Coordinated Care and Beyond: Future Trends in Chronic Care

July 18, 2017

This is the first of three panels from our Future of Chronic Care Summit.

This session examined why it is vital that all health care stakeholders pay attention now to the increasing incidence of chronic conditions as the baby boomers age into Medicare, rising health care costs and the coming crisis in long-term care for frail older Americans. Panelists also explored policy options for improving quality and keeping care affordable.

  • Peter Fise, Bipartisan Policy Center
  • Clay Marsh, West Virginia University
  • Sue Nelson, American Heart Association
  • John Romley, USC Schaeffer Center for Health Policy and Economics
  • Sarah Dash (Moderator), Alliance for Health Policy

Thank You to Our Sponsors


Summit Series Annual Sponsors


Future of Chronic Care Summit Sponsors


8:00 – 8:45 a.m. Registration and Light Breakfast

8:45 – 9:00 a.m. Welcome and Introductions

  • Sarah Dash
    Alliance for Health Policy

9:00 – 10:00 a.m. Future Trends in Chronic Care

  • Peter Fise
    Bipartisan Policy Center
  • Clay Marsh
    West Virginia University
  • Sue Nelson
    American Heart Association
  • John Romley
    USC Schaeffer Center for Health Policy and Economics
  • Sarah Dash, moderator
    Alliance for Health Policy

10:00 – 10:15 a.m. Break

10:15 – 11:15 a.m. Coverage and Chronic Care

  • Mark Fendrick
    University of Michigan School of Public Health
  • Rebecca Kirch
    National Patient Advocate Foundation
  • Kathleen Nolan
    Health Management Associates
  • Hon. Allyson Y. Schwartz
    Better Medicare Alliance
  • Julie Appleby, moderator
    Kaiser Health News

11:15 a.m.-12:15 p.m. The Future of Integrated Care for Complex Chronic Conditions: What’s Working, What’s Not

  • Bart Asner
    Monarch Healthcare
  • Larry Atkins
    Long-Term Quality Alliance
  • Sandra Wilkniss
    National Governors Association
  • Susan Dentzer, moderator
    Network for Excellence in Health Innovation

12:15 – 12:30 p.m. Closing Remarks

Event Resources


Speakers – Future Trends in Chronic Care

Peter Fise Bipartisan Policy Center, Senior Policy Analyst

(202) 204-2400

Clay Marsh West Virginia University, Vice President for Health Sciences

(304) 293-1024

Sue Nelson American Heart Association, Vice President, Federal Advocacy

(202) 785-7912

John Romley USC Schaeffer Center for Health Policy and Economics, Director

(213) 821-7965

Speakers – Coverage and Chronic Care

Mark Fendrick University of Michigan School of Public Health, Professor

(734) 647-9688

Rebecca Kirsh National Patient Advocate Foundation, Executive Vice President of Healthcare Quality and Value

(202) 347-8009

Kathleen Nolan Kaiser Family Foundation, Senior Fellow

(202) 785-3669

Hon. Allyson Y. Schwartz Better Medicare Alliance, President and CEO


Speakers – The Future of Integrated Care for Complex Chronic Conditions: What’s Working, What’s Not

Bart Asner Monarch Healthcare, CEO
Larry Atkins Long-Term Quality Alliance, Executive Director

(202) 452-9217

Sandra Wilkniss National Governors Association, Health Division Program Director


Susan Dentzer (Moderator) Network for Excellence in Health Innovation, President and CEO



Robert Berenson Urban Institute, Institute Fellow

(202) 261-5709

Shawn Bishop The Commonwealth Fund, Vice President, Controlling Health Care Costs and Advancing Medicare

(212) 292-6740

Stuart Butler The Brookings Institution, Senior Fellow, Economic Studies

(202) 238-3183

Lee Goldberg The Pew Charitable Trusts, Project Director , Improving End of Life Care

(202) 540-6677

Pamela Greenberg Association for Behavioral Health and Wellness, President and CEO

(202) 449-7660

Katherine Hayes Bipartisan Policy Center, Director of Health Policy

(202) 204-2400

Genevieve Kenney Urban Institute, Co-Director, Health Policy Center

(202) 261-5709

Joanne Lynn Altarum Institute, Director, Center for Elder Care and Advanced Illness

(202) 776-5109

Mark McClellan Duke University, Director, Robert J. Margolis Center for Health Policy

(202) 621-2817

Megan North Conifer Health Solutions, President

(818) 461-5007

Karen Pollitz Kaiser Family Foundation, Senior Fellow, Health Reform and Private Insurance

(202) 347-5270

Leigh Purvis AARP, Director, Health Services Research

(202) 360-1681

Carol Regan Community Catalyst, Senior Advisor

(202) 587-2855

Trish Riley National Academy for State Health Policy, Executive Director

Jeffrey Ring Health Management Associates, Principal

(714) 549-2790

John Rother National Coalition on Health Care, President and CEO

(202) 638-7151

Matt Salo National Association of Medicaid Directors, Executive Director

(202) 403-8621

Stephan Somers Center for Health Care Strategies

(609) 528-8400

Andrew Sperling National Alliance on Mental Illness, Director of Legislative Advocacy

(703) 524-7600

Hemi Tewarson National Governors Association, Health Division Director

(202) 624-7803

Paul Van de Water Center on Budget and Policy Priorities, Senior Fellow

(202) 408-1080

Gail Wilensky Project HOPE, Senior Fellow

(301) 347-3902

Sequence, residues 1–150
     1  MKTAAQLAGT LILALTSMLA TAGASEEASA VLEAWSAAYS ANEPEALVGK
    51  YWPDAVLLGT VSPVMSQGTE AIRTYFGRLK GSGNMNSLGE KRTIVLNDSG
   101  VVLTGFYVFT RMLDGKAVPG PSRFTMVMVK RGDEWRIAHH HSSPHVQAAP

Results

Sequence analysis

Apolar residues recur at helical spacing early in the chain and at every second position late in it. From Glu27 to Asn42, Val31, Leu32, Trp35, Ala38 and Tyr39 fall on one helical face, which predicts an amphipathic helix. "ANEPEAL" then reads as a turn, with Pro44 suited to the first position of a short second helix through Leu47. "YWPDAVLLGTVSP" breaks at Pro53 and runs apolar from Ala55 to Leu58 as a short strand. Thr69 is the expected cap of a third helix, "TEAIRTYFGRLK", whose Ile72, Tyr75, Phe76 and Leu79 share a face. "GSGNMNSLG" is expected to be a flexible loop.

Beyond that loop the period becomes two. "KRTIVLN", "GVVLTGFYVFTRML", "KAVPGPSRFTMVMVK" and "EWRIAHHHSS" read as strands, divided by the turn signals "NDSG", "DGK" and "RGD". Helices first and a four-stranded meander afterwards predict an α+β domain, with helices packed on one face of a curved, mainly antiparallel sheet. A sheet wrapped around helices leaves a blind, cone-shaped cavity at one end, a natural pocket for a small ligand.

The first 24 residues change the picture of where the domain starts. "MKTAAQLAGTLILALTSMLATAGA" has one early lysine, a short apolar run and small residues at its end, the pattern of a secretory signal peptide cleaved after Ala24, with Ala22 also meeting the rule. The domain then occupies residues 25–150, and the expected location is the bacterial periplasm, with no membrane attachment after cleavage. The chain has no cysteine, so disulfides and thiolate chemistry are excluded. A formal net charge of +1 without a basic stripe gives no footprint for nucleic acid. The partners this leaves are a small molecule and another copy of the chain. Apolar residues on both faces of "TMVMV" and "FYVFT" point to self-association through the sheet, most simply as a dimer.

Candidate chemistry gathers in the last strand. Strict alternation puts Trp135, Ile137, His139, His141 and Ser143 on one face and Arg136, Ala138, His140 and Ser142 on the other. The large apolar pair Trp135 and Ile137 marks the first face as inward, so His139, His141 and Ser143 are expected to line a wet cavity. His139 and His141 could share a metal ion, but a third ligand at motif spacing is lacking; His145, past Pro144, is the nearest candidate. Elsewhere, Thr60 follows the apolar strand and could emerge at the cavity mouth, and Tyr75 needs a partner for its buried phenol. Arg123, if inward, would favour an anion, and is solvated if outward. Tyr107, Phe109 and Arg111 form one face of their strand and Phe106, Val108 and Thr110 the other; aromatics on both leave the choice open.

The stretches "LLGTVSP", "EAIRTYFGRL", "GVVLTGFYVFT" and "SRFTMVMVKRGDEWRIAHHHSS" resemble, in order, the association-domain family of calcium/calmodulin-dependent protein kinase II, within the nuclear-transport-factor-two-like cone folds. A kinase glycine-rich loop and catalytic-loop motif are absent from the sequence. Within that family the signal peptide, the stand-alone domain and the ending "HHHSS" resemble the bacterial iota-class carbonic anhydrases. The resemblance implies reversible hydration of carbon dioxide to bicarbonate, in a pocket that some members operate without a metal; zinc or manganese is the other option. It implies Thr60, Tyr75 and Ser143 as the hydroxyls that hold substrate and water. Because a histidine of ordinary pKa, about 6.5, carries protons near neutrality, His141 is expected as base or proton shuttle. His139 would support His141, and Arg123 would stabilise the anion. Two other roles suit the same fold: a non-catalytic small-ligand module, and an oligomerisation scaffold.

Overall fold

PLEASE NOTE: This is an unedited transcript. Please refer to the video of this event to confirm exact quotes. SARAH DASH: All right, folks, we’re going to go ahead and get started, if you could find a seat. Fantastic. Thank you, all. Thank you so much for being here. My name is Sarah Dash and I am President and CEO of the Alliance for Health Policy. And for those of you who were with us back in April, for our first summit on the Future of Healthcare, you know that we have recently changed our name, from the Alliance for Health Reform. And we’re really excited to be here with you, as the Alliance for Health Policy, here to talk about important policy issues that we all face every single day in our jobs and in our lives. So, welcome today. For those of you who know us, for 25 years, we have been a trusted source of nonpartisan health policy information and convening for health policy leaders, and the health policy community here in Washington D.C. and beyond the beltway as well. And we’re excited to bring to you today the second in our summit series on the future of healthcare. This one is, as you all know, is on the future of chronic care, a really important bipartisan topic with bipartisan action happening in both the House and the Senate. And we decided to do this series in particular, because we really wanted to take a look at the important issues that are facing the country now and into the future. And of course, it’s been an action packed month on healthcare. But the issues that face people who have chronic conditions, those who are healthy, but may eventually get a chronic condition, those issues are not going away and those are the issues that we all have the opportunity to shape here today. So I really want to thank our sponsors for this series. First of all, our annual sponsors, who are sponsoring not just the chronic care summit, but also our summit on the future of health insurance, which we held earlier in the spring, and the summit on the healthcare workforce, which we will organize later in the fall. Anthem, Ascension, and Health is Primary, thank you all. And I also want to thank the sponsors of today’s summit, CAPG, DaVita, Genentech, and Express Scripts. So, we couldn’t do it without your support. Let me, before I turn it over to – before we get started on today’s agenda, which is going to be a full agenda. We’re going to talk about the future trends in chronic care. We’re going to talk about coverage issues in chronic care, and then we’re going to also talk about the best way to deliver care through integrated care delivery, and what that means. I’m going to turn it over to Liz Hall from Anthem, and then to Mark Hayes from Ascension, and then to Kirsten Thistle from Health is Primary to just give a few brief opening comments before we get started with our first panel. Thanks. LIZ HALL: Thank you, Sarah. We really, at Anthem, do want to thank the Alliance and congratulate them for 25 awesome years of really, as she said, digging in and providing all perspectives on really important issues, including the one that we’re going to discuss today. I also want to thank you all for coming out, for being interested in this topic, for wanting to dig in and take it to the next level. At Anthem, we have been partnering with providers to really do all that we can to improve care for our members, to provide high quality, affordable coverage. And we really do think that by working with both providers, and our patients and members, that we can continue to improve and do a better job particularly for those who have chronic needs. I want to thank everyone, the panelists in particular for the insights that they’re going to offer today. We are constantly working to improve and innovate, and we will take away the best nuggets that we can, and try to build those into our programs and services. Thank you so much. SARAH DASH: Thank you, Liz. MARK HAYES: Good morning, everyone. I’ll be very brief. I just want to welcome everyone. Ascension is very proud to be a sponsor of this. Ascension is, if you don’t know about us already, we’re a nonprofit Catholic health system. We’re in 22 states. We have about 141 hospitals throughout the country. We are very, very proud to be a sponsor of this. I mean, how many years have we all been talking about how the key to lowering healthcare spending is managing chronic disease better? And we’ve all been working on it. Caregivers on the frontlines have been working on this for years. But finally, the payment systems are catching up, to enable this to really happen. So we’re really excited about the discussions that are going to happen this morning, and what we are all going to learn from our experts and the expert panels. So, thank you all for being here. SARAH DASH: Thank you, Mark. Kirsten Thistle. KIRSTEN THISTLE: Good morning. I’m Kirsten Thistle and like the others, I’m thrilled to see everyone here today. I know some of us are sick of talking about healthcare, but I’m excited that we have today to dig in, and talk about important issues around chronic disease. Just a show of hands. How many people have heard of the Health is Primary Campaign? All right, not bad. The campaign is run by – it’s sponsored by the eight family medicine organizations in the U.S., most notably the American Academy of Family Physicians. And really, the goal is to showcase innovation and transformation in primary care delivery, much of which is happening with companies like Anthem. We believe that a strong primary care system in America can deliver on the triple aim. And I think we’ve seen time and time again, studies that show the more primary care providers, the better the health outcomes for the community. And frankly, the lower the costs. A study came out a few months ago that showed that for every dollar spent on primary care, we can save $13 in downstream costs. So this isn’t just about improving health. It’s really about showcasing the biggest bang for our buck in healthcare. And certainly, I think chronic disease management is a place where having a strong primary care infrastructure can deliver huge dividends on the backend. So again, thanks for coming out and being willing to continue talking about healthcare after a crazy couple months in Washington, and we’re excited to hear from the panelists today. Thanks, Sarah. SARAH DASH: Great. Thanks, Kirsten. So, I’m going to ask our first panel to come up to the stage now. And as they’re coming up, I’ll go ahead and introduce them. This first panel is going to be on the Trends in Chronic Care that we’re facing in our country. So we’re really excited. We have a fantastic panel with us today. John Romley, who is an Associate Professor at the Schaeffer Center for Health Policy and Economics at the University of Southern California. Welcome, John. Dr. Clay Marsh, who is Vice President and Executive Dean for Health Sciences at West Virginia University. I know I’m not as good as like the baseball teams or the basketball teams. We don’t have music for you or anything, but we’re thrilled you’re here. Sue Nelson, who is Vice President for Federal Advocacy at the American Heart Association. And Peter Fise, Senior Policy Analyst at the Bipartisan Policy Center, which has been doing a lot of work on this issue. So, thank you all and then, I am going to come and join you to moderate the panel. Awesome, fantastic. Well, thank you all so much for being here. So as I said, we’re here to talk about future trends in chronic care. You know, as Mark alluded to, obviously we’ve been talking about this issue for a very long time now. We’ve been talking about the need to prevent and better manage chronic conditions. So, what I would like to ask each of you to do is kind of give us a sense of, what is the country facing, as we look into the future? You know, 25 years into the future, what kinds of trends can we expect? And what are some of the issues that we need to be looking at, as policymakers and people who advise and influence policymakers? And I’m going to go ahead, and just ask you to go down the line, if you would, and start with John Romley from USC. JOHN ROMLEY: Hi. So thanks, Sarah and thanks to the Alliance for Health Policy for the opportunity to participate today, and thanks to all of you for coming. So as Sarah noted, I’m in the Sol Price School of Public Policy at the University of Southern California and also a Senior Fellow at USC’s Schaeffer Center for Health Policy and Economics. And at the Schaeffer Center, we have developed a tool called the Future Elderly Model, which we use to analyze trends, and population health and health spending, and how public policy and medical innovation and other factors impact those trends. And so, with the Medicare program recently turning 50 years old, we used that Future Elderly Model to assess where the program is headed. And so, the sort of demographics are fairly straight forward. We’re going to see a big increase in the number of Medicare beneficiaries with a baby boomer generation retiring. Like our society, the program is becoming more diverse, right? So the share of Latino beneficiaries is going to more than double, and the population is also becoming more educated. So, the folks with less than a high school degree, that proportion falls by more than a half. So that’s kind of what’s going on in terms of what we expect to happen, and what we project, in terms of the simple demographics. Now, in terms of what’s going on with health, we see some good news and some bad news. So the good news is that certain health behaviors, like smoking, are going to continue to decrease. But the bad news is that other risk factors, like obesity, are likely to increase. So we expect between 2010 and 2030, the proportion of Medicare beneficiaries who are obese to grow by more than 50 percent. And the proportion who are extremely obese with a body mass index in excess of 40 to more than double. And so, risk factors like obesity contribute to chronic disease, of course. And so, the burden of chronic disease is going to increase. Diabetes will go up from – the prevalence of diabetes in the Medicare population is going to increase from 25 percent to 40 percent. We’re going to see a similar increase in the proportion of beneficiaries with multiple chronic conditions. So in terms of life expectancy, actually we’ve been pretty successful in helping people to live longer, notwithstanding some of these challenges. And so, we think that for men, life expectancy at age 65 is going to increase by half a year between 2010 and 2030, to a little more than 18 years. And for women by almost a year, to a little almost 23 years. So all of these trends have pretty predictable consequences for the federal budget, right? So living longer, more folks, more chronic disease, and healthcare spending growth has its consequences. We used the Future Elderly Model though to quantify the magnitude of those impacts. And so, what we see is that lifetime spending on Medicare, for someone in 2010, would be about $130,000. And by 2030 would be about $230,000. And total spending with the growth in the population grows even faster, more than doubling. So these numbers are sort of roughly in line with what CBO thinks. And that’s sort of the, I think the big challenge that we face. I don’t think it’s an unrecognized challenge, but in my view, it’s probably one that can’t be emphasized enough. SARAH DASH: Thanks, John. Clay? CLAY MARSH: Hello Sarah, and it’s great to be here. I’m going to take a bit of a different tact and I’ll try to be succinct. But I, like the other panelists, understand that in general, we are increasing healthcare spending at a rate that’s not sustainable. We spend almost twice as much as the next leading country, and we have outcomes that are among the worst in all westernized countries, and in fact next to last. And so, when we look at our future in our current system, it doesn’t look so bright. And I think from a healthcare delivery standpoint, and that’s part of what I do, you know, our purpose and our business model have gone different directions. Our business model is rescue from failure. The more stuff we do to you when you’re sick, the more money we make. But the purpose model is to help you live well, is to help you be healthy. And as I have thought myself, and I could go through how I got there, which is not quite a straight line, but when you start to say that the only way really to save money and improve outcomes in healthcare is to have a healthier population, the question is, what is health? And I don’t think that’s such an easy question to answer. And to me, my own bias is that health is where your biological age is less than your chronological age, where your real age is less than your birthday age. And I think that we have a country that’s getting older younger, as opposed to a country that’s getting younger older. And when you start to look at the things that affect your biological age, then we realize from longevity studies, such as the Harvard Grant Study or the Longevity Study, which follow people seven to eight decades, or from “The Blue Zones,” which is Dan Buettner’s work, where they look at people that live long and well in five areas of the world, that so overeating is certainly one. The only way you can increase survival across animals is calorie restriction. And so, obesity might be a form for us of early biological aging, accelerated biological aging. You know, when people lose weight, you say, “Hey, you look younger.” Maybe you are younger, so we’re interested in that. And the other one is smoking. Cigarette smoking absolutely increases your biological age. That’s been proven. So policies that reduce simple sugars, which drive insulin receptor, which drives obesity and also by the way, drives addiction centers in our brains, like opioids do is probably important. And we know that taxes on cigarettes do reduce smoking consumption, which actually probably also improve biological age. But the other stuff that you find is really interesting, and it’s really human. It’s not so technical. You know, it’s interesting that the things that really are resonant from these long studies are people who have great connections to other people, have a great sense of purpose, and who see the world as abundant, who see the world with gratitude and with hope. And also, the mindset that you bring is important, as it was shown by Elizabeth Blackburn, who won the Nobel prize, that if you are stressed and you feel stressed, no matter what your real stress is or isn’t, then you age faster than if you don’t. So how we see the world influences our biological age, and she measured telomeres to be able to know that. So I think that in our world of separateness, of breakdown in communities – you know, Tom Friedman said that, “The difference in the country is not the coast versus the middle, or rich people versus poor people. It’s weak communities versus strong communities.” And so, we know there’s a term that was created by Robin Dunbar, who is an anthropologist, called Dunbar’s number which is 150, which is about the maximum number of people that you can know very well, because 150 was about the maximum size of a community you could have survived with. Big enough to protect each other, small enough to feed each other. So I think we’re stuck in this evolutionary frame, but our world is really changing. Our communities are breaking down. Sam Quinones, who wrote a great book called “Dreamland” came and talked, and said “He thinks the opioid problem is really a problem of isolation. That we’ve broken down the connections that matter with each other.” And we know that the frame of the social network is really important. You’re more likely to be obese if your best friend is obese, and if your first-degree family member is obese. So I think that a lot of the policy work that needs to be done is starting to understand that really reknitting communities together and starting to connect with each other, to help people have purpose, which to me is oftentimes jobs, which in our state is really quite an issue. The last thing I will say is that Anne Case and Angus Deaton – Angus Deaton won a Nobel prize in ’14 or ’15 in population economics – found there’s a group of less educated white people that were dying at a rate that’s been unprecedented since the peak of the AIDS epidemic, 50 years old, high school education or less. And initially said, they were dying of overdose and suicide and liver disease, all addiction-related problems. Recently, there’s a deeper dive taken. And it turns out they’re really dying of despair and hopelessness, because their life used to be better, and now it’s not. And so, as we look at this population, it’s interesting that other demographic groups, other underrepresented minorities like blacks and Latinos are not dying at a rate that’s any different than before. In fact, they’re living better. And the reason why is, the presumption is that a lot of the people in this less educated white population have seen their lives step down. So they were here, and now they’re here. And so, our perception of our own status and the place that we have in our society becomes really important, too. So I, personally, believe that the really important work in healthcare is the same really important work in community building, and in trying to regain this sense as we had when we grew up. That the American dream was accessible to all of us. I grew up in a very middle-class household in West Virginia with my grandfather and uncle both coal miners, but I think that that is lost on many people today. SARAH DASH: Thank you, Clay. Sue? SUE NELSON: I have to say, every time I stress, I do think about my telomeres. What woman wants to age, right? And it’s like, “Stop doing that, Sue.” So, I’m going to go back a little bit to the demographics. I spent 20 years on the Senate Budget Committee, and my apologies to those of you, who knew me back then, who I said, “No, you can’t do that” to. And when I joined the American Heart Association, the first thing I said was, “Where are your long term projections of the cost and prevalence of various forms of cardiovascular disease?” And they looked at me like I had a hole in my head, because they were academic researchers and they deal with real data. But I persevered and worked with the Research Triangle Institute, to develop a model that would project again the cost and prevalence of several forms of cardiovascular disease: high blood pressure, coronary heart disease, congestive heart failure, stroke, AFib, and then the other category. We continued to be amazed by the results of those projections. We ran them first in 2011, and more recently in January, which is why this – this is our report, in case anyone wants to go to our website – and substantiated a lot of the trends that were mentioned earlier. Cardiovascular disease has been the leading killer of Americans for many, many years. It’s also the most costly disease, but we’re also considered the success story. When Francis Collins talks about NIH research, it’s “look at what we’ve done for cardiovascular disease.” There’s been a 70 percent reduction in the death rate over the last century. And my father sort of illustrates that point. My grandfather died at 49 because he had a heart valve problem. There was no open heart surgery. They gave him morphine. That was the only treatment for heart disease back then. We forget that. My dad with the same problem lived to be 92 years old. So that to me, that’s the cardiovascular success story. But we still are the number one and most costly disease. And as noted earlier, our progress in reducing mortality, morbidity from heart disease has slowed recently. Not so much due to the demographics, which were always factored into our calculations, but due to the rise in obesity, diabetes, all the things that were articulated earlier. So when we did our projections more recently, we found that by 2035, nearly 45 percent of the population would have some form of cardiovascular disease. And the cost of that is astronomical. The cost in 2015, annual cost of cardiovascular disease both the direct medical cost and then indirect cost in lost productivity is 555 billion. By 2035, it will be 1.1 trillion a year. Men tend to be at higher risk for cardiovascular disease, but heart disease is now the number one killer. Women, we’re catching up, ladies. It also exacts a disproportionate toll on racial and other minority groups, accounting for nearly 40 percent of the disparity and deaths in that population. And more relevant to this population, we’re seeing the cost shift to the old-old, to people who are over the age of 65. And in terms of chronic disease, stroke and heart failure were the most expensive chronic conditions in the Medicare program. So given these developments, what does our association do about it? We have a very aggressive goal of improving the cardiovascular health of all Americans by 20 percent by 2020. Not sure we’re going to meet that goal, because of what I mentioned earlier. But we’re focused on four different areas. Number one, federal research. Only five percent of the NIH budget goes for cardiovascular research. You know, we’re not the scary disease. You fund what you fear, right? Everyone’s worried about Alzheimer’s and I understand that. There are no effective treatments. Certain sorts of cancer, no effective treatments. A member of Congress has a heart attack and three days later, he’s back on the House or Senate floor. It’s like, people think of it as not being as scary and deadly as it used to be. So we really advocate for more research, particularly in the area of prevention. Cardiovascular disease is 80 percent preventable. If you just do all the things the American Heart Association tells you to do, you can live a very long, healthy life in most cases. Obviously, there’s exceptions. And genetic research is starting to shine a spotlight on why people like Bob Harper, who attended our Lobby Day two weeks ago, and who is the fitness guru for America’s “Biggest Loser,” suffered from sudden cardiac arrest at the age of like 40. Why? You know, and those are the kinds of things research can still shine a light on. But in the main, it’s prevention. It’s people who aren’t monitoring their blood pressure, their cholesterol. They’re not exercising. They’re not eating right. Nutrition is about 80 percent of the obesity problem. Don’t think that one hour at the gym is going to do it. I used to think that. It’s not going to work. It’s your diet. Eighty percent of it is what you’re eating and the rest is exercise. So we focus on, first of all, advocating for research. We focus on prevention in a variety of areas, which I can get into later. Access to care is critical and that’s why we’re working very hard to preserve the elements of the Affordable Care Act that have been so helpful for our population. First dollar coverage for preventive benefits really, really helps. We did a study recently, or a study was done recently that found that the incidents of sudden cardiac arrest in a district or a part of Oregon declined by 37 percent for people who had insurance coverage. Mortality rates are much higher among people, for cardiovascular disease, who don’t have coverage. Almost twice the chance of dying from a stroke, because when you’re feeling the symptoms, you don’t want to pay for the ambulance. You just take an aspirin or something else, and hope that it goes away. And then, a final area that we’re focused on is delivery system reform. Areas like cardiac rehab, which are so helpful to people, are tremendously underutilized. Only 30 percent of the population really takes advantage of this important benefit. And there’s ways that we can address that through delivery system reforms, but we can get into that later. SARAH DASH: Thank you, Sue. Peter? PETER FISE: Thanks, Sarah. And as Sarah mentioned, I’m Peter Fise from the Bipartisan Policy Center. And I want to thank the Alliance for having this event. I think it’s a critically important topic, not only for ensuring smarter spending in our federal health insurance programs, but better outcomes and better quality of life for patients and their families. So just a quick word, a background on BPC before diving in. The Bipartisan Policy Center’s health project is co-chaired by former Senate Majority Leaders, Tom Daschle and Bill Frist. And our work in the long-term care space is also co-chaired by former Secretary of HHS, Tommy Thompson and former OMB and CBO Director, Alice Rivlin. Our work has primarily focused on chronic care and long-term care issues of late, although we are also involved in a separate initiative in looking at Medicaid policy reforms, as well as policies to stabilize the individual market. But for today’s topic, over the past 18 months, BPC has produced five reports that relate to this issue, in the areas of integrating care for dual-eligible beneficiaries, those who are eligible for both Medicare and Medicaid, Medicare chronic care, and long-term care financing. All focus today’s discussion on the Medicare chronic care piece, but maybe we can get into some of the others during the discussion. So when we looked at this issue, we focused on beneficiaries who were not dually eligible for Medicaid, so they are Medicare only, and had three or more chronic conditions, and functional or cognitive impairment. And we chose this population, because the intersection between chronic conditions and functional and cognitive impairment is a pretty good predictor of poor health outcomes, and high Medicare spending. And these beneficiaries, the average Medicare spend for them is about twice the national average at $30,000 a year. And they tend to have higher readmissions and more ED visits, even when you risk adjust. So, the question then becomes, what are they lacking? And I think one of the key ingredients is non-Medicare coverage social supports and services for these beneficiaries, who look in a lot of ways like dual-eligible individuals. They have similar service intensity or service use intensity, and similar outcomes, similar needs for assistance with activities of daily living. The difference is they don’t have necessarily the same access to those services, because a lot of those services are covered under Medicaid. They’re not covered under Medicare. So when we looked at this population, it’s about seven percent of Medicare beneficiaries, roughly 3.6 million, of which three million are in fee-for-service and 600,000 are in Medicare Advantage. We looked at ways that we can improve the integration of social supports and services that aren’t covered under Medicare, and so we can use that Medicare dollar better. And the primary examples are Medicare Advantage plans and the accountable care organizations, because they’re taking risk for the cost of care of the population. They’re going to have probably the best incentives to integrate non-Medicare coverage supports, because they know that those supports can reduce hospitalizations and reduce ED visits and readmissions, all the types of outcomes that you’re looking to improve on. When we talk about these types of supports, it can really run the range of a number of different supports, as long as they are part of a person-centered care plan and are designed to improve or maintain functional status. But what we looked at closely were in-home meal delivery for low sugar and low sodium meals for like folks with congestive heart failure or diabetes. That meal can help them not have an adverse event and stay out of the hospital. We looked at supports like non-emergent medical transportation, so transportation to a doctor’s appointment, or minor home modifications, like to put in that handrail just to prevent a fall in the home, or targeted case management. All of these services and supports aren’t covered under Medicare, but have the ability to reduce hospitalizations and reduce ED visits. So the good news I think is that in our report, we developed some policy options for Congress to consider, that can help integrate these supports in both MA and in ACO’s and other provider-based organizations that are taking on risk for the cost of a beneficiary’s care. Among other things, CMS could establish quality measures that reward Medicare Advantage plans and reward ACO’s for integrating these supports into their models. And CMS could look at waiving the so-called uniform benefit requirement to allow Medicare Advantage plans to target these types of supports to the specific beneficiaries that are high-need. And not have to provide necessarily the support to everyone in their enrollee population through supplemental benefits. And for the latter point, we found that a Medicare Advantage plan could offer in-home meal delivery, non-emergent medical transportation, minor home modifications, and targeted case management and finance that through only a four to six percent reduction in the existing Medicare Advantage supplemental benefits that are offered to all enrollees. So by having that ability to target, you can get a lot better bang for your buck as a plan, and we think that there are similar incentives that could be placed for ACO’s and providers that are doing this on the hospital and physician side. SARAH DASH: Thank you. And I think we will definitely be getting to some of those issues in the integrated care panel. But I want to pick up on this issue that you raise, Peter and Clay, that you raise, and that really kind of fits in with all of your comments around this idea that preventing and improving the care of, for people who have chronic conditions, involves more than just healthcare, and it’s beyond healthcare. It’s the stress. It’s the community. Peter, you kind of went into how we might consider paying for some of these issues, right? But I’m wondering if we can go into – and since we have some budget experts on the panel, too – we talk about oftentimes kind of the cost of params in silos. So, in-home meal delivery is kind of one line item in the budget. The Housing and Urban Development budget is completely separate. I’m not sure if the health LA’s and the housing LA’s oftentimes get a chance to sit down and talk about the synergies that might exist between their two issue portfolios. So talk about, how do you translate – what Clay, I think you’re raising is the root of some of the challenges with chronic disease as the need for stronger communities, better intersections. I know we’ve seen studies on social isolation and Medicare beneficiaries as well being an issue. Are we looking at this in a holistic enough way, in a policy context? And if we’re not, how do we start to get there? CLAY MARSH: Let me maybe start, and I’ll again try to be brief. So, let me initially reference an article that Atul Gawande wrote that was really kind of a game changer. It was an article called “Hot Spotters” and it was in the New Yorker. And it told this story about an ER physician named Brenner, who basically started to look at his community and tried to identify the hot spots in his community, like crime prevention did. So the idea, if you could identify the really expensive parts of your feeder system, then you may be able to do something in a more targeted way. And you know, this Pareto’s principle, the 20/80 rule, the fact that in complex systems, which is all the systems we live in, a few agents or a few people spend most of the money, right? And CMS at the top one percent of people spend 23, 24 percent of the dollar. The top five percent, 50 percent. The top 20 percent spend 80 percent of the healthcare dollar. And the bottom 50 percent spend only 3.5 percent of the healthcare dollar. So, the more we can push people over to the healthy group, the better. But Brenner identified two tenement buildings in Camden that were responsible for an overwhelming number of emergency room visits that he had. And identified one guy in one of the two tenement buildings that had been admitted to the hospital about 500 times over a seven-year period. And they looked at this guy and the guy weighed 500 pounds, and he was an alcoholic. He was a cocaine user. He was diabetic. He was morbidly obese, weighed over 500 pounds. And every time he fell down, he’d call the because he couldn’t get back up, after he drank or did cocain